Fall is my favorite time of year. Yes, I love the spectacular colors of fall, the crunch of fallen leaves under my feet, the feel of crisp autumn breezes on my face. But what I love the most are the smells of fall. Right now our house smells like homemade apple sauce, hot peppers dehydrating soon to be ground into delicious dried seasoning, fresh sage harvested from the herb garden, and cool, clear country air. It’s been an exceptionally mild autumn day here so we opened the windows and let all that beautiful fall air in to every room.
I am very sensitive to smells. I associate memories with scents, and the slightest hint of certain smells will cause a wave of memories to flood my mind. The scent of roses makes me think of the week Carli and I spent in Las Vegas. The smell of a certain shampoo reminds me of visiting our son when he lived in California. Lilacs make me miss my Dad. I had no idea when Carli started to transition that even the very scents that filled my senses would change dramatically, or that I would miss the smell of the sweat.
I’ve always enjoyed stereotypical masculine scents. When I pick out candles, I avoid the flowery kind and the ones that smell like food, always opting for the ones that smell like men’s cologne, woodsy, or clean. The smell of motor oil and gasoline is a constant presence, and it’s always been comforting to know that Carli can fix almost anything with wheels and an engine.
While the smell of vehicle repair is still around, and the candles are still lit, I miss the smell of a man in the house. Carli started hormone replacement therapy six months ago, and I expected slow physical changes to happen. I was not prepared for how quickly she would stop smelling like a man and start smelling like a woman. I literally woke up one morning and didn’t recognize the person next to me by scent alone, and it was startling.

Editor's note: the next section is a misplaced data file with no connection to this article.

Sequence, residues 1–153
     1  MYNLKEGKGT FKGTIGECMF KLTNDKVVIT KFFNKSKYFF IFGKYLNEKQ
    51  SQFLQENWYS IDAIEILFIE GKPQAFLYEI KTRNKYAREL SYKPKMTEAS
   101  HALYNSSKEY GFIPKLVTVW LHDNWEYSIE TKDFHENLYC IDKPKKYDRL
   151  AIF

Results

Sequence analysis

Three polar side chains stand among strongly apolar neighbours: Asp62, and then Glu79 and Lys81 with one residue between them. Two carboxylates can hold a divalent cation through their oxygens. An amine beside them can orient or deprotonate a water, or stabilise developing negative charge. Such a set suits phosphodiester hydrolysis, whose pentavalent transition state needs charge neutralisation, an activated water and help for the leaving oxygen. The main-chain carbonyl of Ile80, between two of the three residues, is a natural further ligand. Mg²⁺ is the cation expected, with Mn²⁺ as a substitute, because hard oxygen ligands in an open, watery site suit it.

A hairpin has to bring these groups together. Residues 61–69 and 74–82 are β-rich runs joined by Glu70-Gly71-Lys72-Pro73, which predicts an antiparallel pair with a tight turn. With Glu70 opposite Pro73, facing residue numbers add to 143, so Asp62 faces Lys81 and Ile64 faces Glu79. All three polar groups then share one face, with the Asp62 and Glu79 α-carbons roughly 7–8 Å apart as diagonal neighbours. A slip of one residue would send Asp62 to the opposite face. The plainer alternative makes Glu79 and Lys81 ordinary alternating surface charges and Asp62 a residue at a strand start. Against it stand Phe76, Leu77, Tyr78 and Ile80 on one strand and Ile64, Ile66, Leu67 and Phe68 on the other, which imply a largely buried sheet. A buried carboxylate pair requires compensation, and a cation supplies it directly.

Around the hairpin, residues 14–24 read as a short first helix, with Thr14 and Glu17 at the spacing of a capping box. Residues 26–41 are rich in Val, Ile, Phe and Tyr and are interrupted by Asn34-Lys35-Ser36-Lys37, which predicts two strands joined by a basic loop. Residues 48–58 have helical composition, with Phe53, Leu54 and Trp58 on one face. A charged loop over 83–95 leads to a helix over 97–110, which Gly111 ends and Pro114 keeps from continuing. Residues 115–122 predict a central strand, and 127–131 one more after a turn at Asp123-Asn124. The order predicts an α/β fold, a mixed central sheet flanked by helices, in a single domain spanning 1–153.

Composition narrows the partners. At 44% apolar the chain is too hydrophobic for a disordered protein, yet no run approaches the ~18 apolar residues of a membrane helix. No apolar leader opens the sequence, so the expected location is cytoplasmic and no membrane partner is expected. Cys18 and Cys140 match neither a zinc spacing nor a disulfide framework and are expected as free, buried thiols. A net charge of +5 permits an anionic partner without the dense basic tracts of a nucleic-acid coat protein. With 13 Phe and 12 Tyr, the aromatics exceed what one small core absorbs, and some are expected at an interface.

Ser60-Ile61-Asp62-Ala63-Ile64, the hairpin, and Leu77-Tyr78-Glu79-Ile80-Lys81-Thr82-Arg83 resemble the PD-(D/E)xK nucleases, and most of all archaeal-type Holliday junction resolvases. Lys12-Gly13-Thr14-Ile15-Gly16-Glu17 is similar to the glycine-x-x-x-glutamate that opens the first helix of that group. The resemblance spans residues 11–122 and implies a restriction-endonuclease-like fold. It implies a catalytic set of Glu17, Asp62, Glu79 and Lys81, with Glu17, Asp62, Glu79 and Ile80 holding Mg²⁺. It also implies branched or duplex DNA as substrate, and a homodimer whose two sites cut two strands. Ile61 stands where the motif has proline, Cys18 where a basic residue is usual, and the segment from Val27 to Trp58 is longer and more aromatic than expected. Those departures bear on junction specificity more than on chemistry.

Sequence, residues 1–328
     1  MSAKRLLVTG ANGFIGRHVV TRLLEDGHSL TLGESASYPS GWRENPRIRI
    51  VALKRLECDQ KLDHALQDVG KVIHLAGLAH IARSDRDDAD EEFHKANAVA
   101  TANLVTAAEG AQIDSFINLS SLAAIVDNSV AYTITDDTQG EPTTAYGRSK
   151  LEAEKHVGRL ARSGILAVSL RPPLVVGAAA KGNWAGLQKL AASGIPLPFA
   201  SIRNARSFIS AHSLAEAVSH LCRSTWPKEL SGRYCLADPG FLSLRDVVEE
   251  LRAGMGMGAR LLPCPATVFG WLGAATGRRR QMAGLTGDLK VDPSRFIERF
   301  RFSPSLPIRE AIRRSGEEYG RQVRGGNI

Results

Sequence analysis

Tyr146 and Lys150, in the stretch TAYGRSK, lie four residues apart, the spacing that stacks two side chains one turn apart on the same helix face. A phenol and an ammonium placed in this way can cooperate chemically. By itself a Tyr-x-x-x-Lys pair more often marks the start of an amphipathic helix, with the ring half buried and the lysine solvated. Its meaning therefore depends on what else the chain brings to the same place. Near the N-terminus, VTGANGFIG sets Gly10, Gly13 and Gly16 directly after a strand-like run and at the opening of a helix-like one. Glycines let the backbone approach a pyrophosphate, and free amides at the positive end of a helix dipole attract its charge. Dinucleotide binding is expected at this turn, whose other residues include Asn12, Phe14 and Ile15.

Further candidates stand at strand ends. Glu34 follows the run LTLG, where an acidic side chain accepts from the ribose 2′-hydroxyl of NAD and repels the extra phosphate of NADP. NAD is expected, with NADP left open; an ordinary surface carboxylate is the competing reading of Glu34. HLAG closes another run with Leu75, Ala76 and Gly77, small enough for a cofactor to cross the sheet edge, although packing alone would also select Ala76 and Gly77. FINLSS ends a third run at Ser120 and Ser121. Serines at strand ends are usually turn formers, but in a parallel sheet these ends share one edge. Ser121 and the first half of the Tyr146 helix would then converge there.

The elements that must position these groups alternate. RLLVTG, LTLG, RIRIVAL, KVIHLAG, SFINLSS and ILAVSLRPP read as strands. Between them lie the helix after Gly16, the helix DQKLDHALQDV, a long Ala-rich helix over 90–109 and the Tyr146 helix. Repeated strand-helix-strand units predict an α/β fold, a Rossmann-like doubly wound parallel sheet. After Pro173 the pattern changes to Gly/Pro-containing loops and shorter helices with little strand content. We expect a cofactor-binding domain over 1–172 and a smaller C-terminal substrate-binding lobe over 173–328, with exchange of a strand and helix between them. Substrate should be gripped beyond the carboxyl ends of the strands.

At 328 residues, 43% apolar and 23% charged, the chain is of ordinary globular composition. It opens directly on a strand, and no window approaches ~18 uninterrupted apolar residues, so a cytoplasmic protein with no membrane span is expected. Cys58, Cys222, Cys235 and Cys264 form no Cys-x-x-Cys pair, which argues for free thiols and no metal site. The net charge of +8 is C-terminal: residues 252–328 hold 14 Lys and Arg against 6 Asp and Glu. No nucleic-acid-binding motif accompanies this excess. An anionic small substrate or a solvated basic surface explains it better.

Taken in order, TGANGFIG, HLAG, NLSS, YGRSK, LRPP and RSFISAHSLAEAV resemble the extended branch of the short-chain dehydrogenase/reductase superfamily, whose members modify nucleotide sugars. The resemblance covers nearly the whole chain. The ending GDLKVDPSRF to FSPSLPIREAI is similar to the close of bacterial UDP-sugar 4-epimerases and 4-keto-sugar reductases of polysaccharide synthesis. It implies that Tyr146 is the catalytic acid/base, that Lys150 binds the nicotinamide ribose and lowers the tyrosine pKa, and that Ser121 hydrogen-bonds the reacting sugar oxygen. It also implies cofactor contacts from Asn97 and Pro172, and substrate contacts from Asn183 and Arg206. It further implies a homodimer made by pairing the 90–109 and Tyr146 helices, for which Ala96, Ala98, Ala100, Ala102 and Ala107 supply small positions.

Of all the things I anticipated I would miss, this never even crossed my mind. All of a sudden I realized there would never be another bottle of men’s cologne in the house. All the shampoo and lotion will smell like a girl. Even the perfume samples that come in the mail are all women’s fragrances. She will never smell of testosterone-laden sweat again.
When Carli was in the Air Force, long before we knew what being transgender was, she traveled a great deal, often 200 days out of every year. I remember keeping the pillow case on her pillow, not washing it with the rest of the sheets, just so her scent would be there even though she was not. It was always comforting to walk in the closet and be met with the masculine smell of her uniforms and work clothes. I worried about what else might change when I couldn’t smell the old Carli anymore. I have always been keenly aware of how my sense of smell is tied to my sense of well-being, my sense of security and stability. What would happen when all of those familiar, comforting smells were gone and replaced with something unfamiliar? Would it still smell like home when I walked in the door, when I opened the closet?
As with so many things I have been unnecessarily worried about, these changes have not been the end of my world. I’m learning to appreciate the new scent of Carli, associating her new scent with our new experiences. The scents are different but my sense of well-being, security, and stability are stronger now than ever before because my relationship with Carli is stronger. Home is still home. Today, we both used the girly perfume sample that came in the mail before we left the house to visit friends. We both smelled pretty nice.